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ESBG: Capital requirements rules lead to structural effects

Savings, retail bank trade body provides submission to European Commission consultation on possible impact of capital requirements rules.

​​​​​​BRUSSELS, 8 October 2015 – The combined weight of capital requirements rules and low interest rates have made life difficult for Europe's savings and retail banks. In a submission to the European Commission consultation on the possible impact of the CRR and CRD IV on bank financing of the economy, ESBG stressed that razor-thin profit margins translate to the industry's shifting business model away from what they do best – providing financing to real-economy small and medium-sized businesses.

SME risk weighting is a big concern. In comparison with other corporate risk measures, the SME weight is kept at comparable level thanks to the SME discount factor. A 2013 Bundesbank study confirms this. Supervisor-imposed risk-weight floors won't cut it, however, as they tend to be misaligned with actual observed risk levels.

SME lending is unique. More risky compared with large corporates, but idiosyncratic rather than systemic. SMEs are often cautious than big firms, lacking confidence to invest and pessimistic about chances they will obtain finance. Independent SME survey research find acceptance rates for business finance applications are much higher than what respondents' confidence levels of show. This is improving but remains fragile. The SME supporting factor scheme emboldens customers to seek SME funding  and nudge banks to invest available funding. Credit quality assessment does not change in response to lower capital requirements since borrowers' debt servicing ability is unrelated to regulatory capital requirements. . Future global capital standards and the introduction of the NSFR into EU law must take into account their effects on maturity transformation, in particular on SME-lending.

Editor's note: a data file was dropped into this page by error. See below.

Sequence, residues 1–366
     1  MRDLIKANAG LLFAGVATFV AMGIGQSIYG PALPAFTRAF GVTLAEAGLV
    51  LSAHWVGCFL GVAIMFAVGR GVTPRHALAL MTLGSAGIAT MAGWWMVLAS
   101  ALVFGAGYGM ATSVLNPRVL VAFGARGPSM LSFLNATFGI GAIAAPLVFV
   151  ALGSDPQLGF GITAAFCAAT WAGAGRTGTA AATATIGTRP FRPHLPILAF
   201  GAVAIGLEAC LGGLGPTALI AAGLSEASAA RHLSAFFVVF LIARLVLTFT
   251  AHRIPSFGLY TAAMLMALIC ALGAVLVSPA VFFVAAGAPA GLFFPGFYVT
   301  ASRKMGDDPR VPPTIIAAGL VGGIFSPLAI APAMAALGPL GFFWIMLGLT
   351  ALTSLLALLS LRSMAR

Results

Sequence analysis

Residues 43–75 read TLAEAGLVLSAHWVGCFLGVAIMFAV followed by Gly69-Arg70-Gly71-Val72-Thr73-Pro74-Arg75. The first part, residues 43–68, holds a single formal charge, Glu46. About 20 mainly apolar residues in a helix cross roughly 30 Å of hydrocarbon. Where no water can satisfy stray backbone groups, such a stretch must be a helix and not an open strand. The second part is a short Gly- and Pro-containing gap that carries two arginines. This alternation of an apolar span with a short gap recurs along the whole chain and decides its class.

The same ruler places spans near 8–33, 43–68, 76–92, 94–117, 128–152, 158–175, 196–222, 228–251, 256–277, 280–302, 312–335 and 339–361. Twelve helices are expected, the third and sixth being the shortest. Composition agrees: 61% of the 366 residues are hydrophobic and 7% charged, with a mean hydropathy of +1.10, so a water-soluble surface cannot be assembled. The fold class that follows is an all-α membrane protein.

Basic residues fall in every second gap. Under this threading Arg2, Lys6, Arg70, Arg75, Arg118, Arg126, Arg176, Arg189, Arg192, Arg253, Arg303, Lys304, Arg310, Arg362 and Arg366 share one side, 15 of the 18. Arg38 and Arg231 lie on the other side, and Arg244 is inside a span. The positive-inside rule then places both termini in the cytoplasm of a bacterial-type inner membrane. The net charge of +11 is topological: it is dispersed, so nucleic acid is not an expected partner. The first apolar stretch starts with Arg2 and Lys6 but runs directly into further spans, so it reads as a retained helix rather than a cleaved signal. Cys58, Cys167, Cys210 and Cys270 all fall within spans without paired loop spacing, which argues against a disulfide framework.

Long-term competitiveness of the banking system is also under threat due to reules related to capital requiremnts. A steady flow of additional rules have brought an array of new barriers to entry, banks are increasing incented to merge. Progress should be made on the supervisory reporting, overlaps should be removed, the Principle of Proportionality respected. Deep concerns persist over macro-prudential tools, namely buffers.  Certain measures add an additional layer of morass, bringing fog to a transparent process, creating a lumpy surface across European jurisdictions. Credit cycles form a prime example, as the counter-cyclical capital buffer tends to create a dissonance, especially as consensus remains weak among supervisors on how credit cycles should be measured. In addition, the systemic risk buffer and the buffer for other systemically important financial institutions (O-SIFIs) is put to work differently in each state – the push for a single rule book gathers dust. Some Member States employ macroprudential capital buffers, ring-fencing banks inside their borders causing intra-EU capital flows to dry up.

>> See the ESBG submission to the consultation

Supervision; Regulation; Capital Requirements Directive and Regulation